Roy Hodgson’s asked about resigning, but England should keep calm and carry on

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During what’s sure to be a difficult period of soul-searching, I’d like to offer this open letter to my friends in England:

Dear Friends:

You’re already doing it. Just calm down. It’s just not that bad.

Sincerely,

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What’s this all about? Consider these headlines, all based on England head coach Roy Hodgson’s reaction after today’s match against Italy.

  • The Telegraph: Roy Hodgson vows not to quit despite England World Cup defeats by Uruguay and Italy
  • The Daily Mail: Roy Hodgson won’t quit after England lose to Uruguay to stand on verge of World Cup elimination
  • The Independent: ‘I will not resign,’ says Roy Hodgson after 2-1 loss left England on the brink of exit
  • The Guardian: Roy Hodgson insists he will not resign as England manager after defeat

You get the picture. At some point today, after Luis Suárez’s late goal sent England to a second straight 2-1 loss, Hodgson was asked if he would step down. He said “no,” and with good reason.

England is not one of the most talented nations in the world, yet as implied by the question (and reaction after today’s result), expectations are unreasonably high. Regardless of their group’s depth or the performances of transcendent talents like Andrea Pirlo and Luis Suárez, England fans expect their team to get out of the group. Never mind England only gave up six shots on target over 180 minutes, and forget about the transitional state of a team that will be stronger at Euro 2016 than it was in Brazil. England hadn’t been eliminated in a group stage since 1958, until now.

All of which is a very narrow view of the Three Lions. Having only lost two competitive matches since Cesare Prandelli took over four years ago, Italy is a proven commodity, one that again showed their quality on Saturday in Manaus. And while Uruguay struggled in World Cup qualifying, the team is a 2010 World Cup semifinalist and the reigning South American champions, achievements that speak to La Celeste’s quality in major tournaments.

source: AP
After 75 minutes against Uruguay, England was even, 1-1. A second goal from Luis Suárez left the Three Lions without a point after two matches at the 2014 World Cup. (AP Photo/Kirsty Wigglesworth)

What about Hodgson’s team suggests England should necessarily overcome these foes? They’re certainly capable of beating either team, but closes losses shouldn’t be surprising, either. How are Hodgson’s results so unreasonable?

That’s not to say Hodgson is beyond scrutiny, because there are a series of small decisions which may have made the difference. Why is this Steven Gerrard guaranteed a spot? Or, seemingly, Danny Welbeck, for that matter? Why was Adam Lallana dropped when it was unclear whether Wayne Rooney or Raheem Sterling was the player to use wide? And ultimately, why is England probably going home after the opening round?

Ultimately, it all comes down to that last question, one that’s as frustratingly presumptuous as it straight-forward. England can play with Italy, but over a given 90 minutes, a 2-1 loss is a reasonable outcome. Same with Uruguay, especially on a day when Luis Suárez scores on both of his team’s shots on target. If Andrea Barzagli mistimes his lunge, or Joe Hart stays big on Suárez’s late shot, things turn out different. That’s not to say England deserved those results (they don’t), but it highlights the thin margins in Group D.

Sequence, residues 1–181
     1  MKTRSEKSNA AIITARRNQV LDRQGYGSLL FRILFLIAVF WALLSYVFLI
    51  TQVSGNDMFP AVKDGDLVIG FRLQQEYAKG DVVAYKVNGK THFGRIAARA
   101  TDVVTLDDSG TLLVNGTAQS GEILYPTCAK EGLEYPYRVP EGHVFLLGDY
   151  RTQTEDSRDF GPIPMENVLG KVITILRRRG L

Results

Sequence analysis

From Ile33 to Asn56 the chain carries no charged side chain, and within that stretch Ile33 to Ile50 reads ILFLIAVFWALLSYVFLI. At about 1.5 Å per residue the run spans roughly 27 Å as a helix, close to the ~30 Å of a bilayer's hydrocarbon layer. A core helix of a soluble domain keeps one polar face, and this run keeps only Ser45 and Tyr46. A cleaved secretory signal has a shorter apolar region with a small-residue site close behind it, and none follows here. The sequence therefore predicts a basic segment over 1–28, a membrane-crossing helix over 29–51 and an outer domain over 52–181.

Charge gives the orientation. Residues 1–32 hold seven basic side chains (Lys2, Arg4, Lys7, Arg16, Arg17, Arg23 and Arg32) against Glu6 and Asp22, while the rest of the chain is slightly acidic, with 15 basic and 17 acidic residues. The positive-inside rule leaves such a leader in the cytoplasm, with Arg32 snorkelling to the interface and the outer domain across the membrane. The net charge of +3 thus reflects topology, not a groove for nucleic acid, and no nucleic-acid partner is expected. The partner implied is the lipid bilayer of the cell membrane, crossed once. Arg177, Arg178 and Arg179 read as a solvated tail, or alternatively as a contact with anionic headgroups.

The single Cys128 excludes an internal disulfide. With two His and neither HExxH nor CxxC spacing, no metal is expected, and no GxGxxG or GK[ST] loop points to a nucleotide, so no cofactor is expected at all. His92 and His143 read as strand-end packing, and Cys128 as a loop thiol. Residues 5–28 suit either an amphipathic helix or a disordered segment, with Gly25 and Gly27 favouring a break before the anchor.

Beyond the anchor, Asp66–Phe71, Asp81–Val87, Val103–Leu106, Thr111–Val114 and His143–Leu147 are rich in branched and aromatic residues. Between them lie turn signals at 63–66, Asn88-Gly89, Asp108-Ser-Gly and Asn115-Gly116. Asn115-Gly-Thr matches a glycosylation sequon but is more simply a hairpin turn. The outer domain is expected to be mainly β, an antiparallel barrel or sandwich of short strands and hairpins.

Ultimately, Hodgson needs to figure out ways for his team to create and prevent chances. His selection influences how those plans play out, but even in that regard, Hodgson has limited options.

So when people see England had five shots on target to Italy’s four, and six shots on target to Uruguay’s two, how can people justify implying he should resign? Hodgson didn’t head the ball off the post in today’s first half, but be did draw up the play that gave Wayne Rooney the opportunity to do so. And while he didn’t create those first half counterattacking chances against Italy, he did select the attackers that put those plays into motion.

Granted, Hodgson could have recognized the limits of his players and put in a different plan. He could have recognized that a player like Rooney was not going to be as efficient as Suárez. Still, in both of his team’s games, Hodgson put his players in a position to win. They just didn’t take advantage of their opportunities.

Hodgson played a part in England’s exit, no doubt, but so did Italy. So did Suárez. So did a tough draw, and so did his attacker’s missed chances.

But should Hodgson fall on the sword because of things beyond his control? In England, that becomes the demand, but it’s one that’s built from unreasonable expectations. If England can keep calm and carry on, this team should be fine going forward.

Pardew laments firing, credits Palace turnaround to new players

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Alan Pardew knows why Crystal Palace was failing when he got fired, knows he could’ve fixed it, and seems pretty bummed he’s not there any more.

Pardew emerged to make the comments after Sam Allardyce helmed another upset win for Palace, a 2-1 win over Liverpool which joins defeats of Arsenal and Chelsea.

The win moves Palace 12th, and the Eagles have a legitimate shot at a top-half finish despite their poor start to the season. But Pardew wants fans to know it was about a personnel mistake, and that Palace dropped into the relegation zone after he was fired.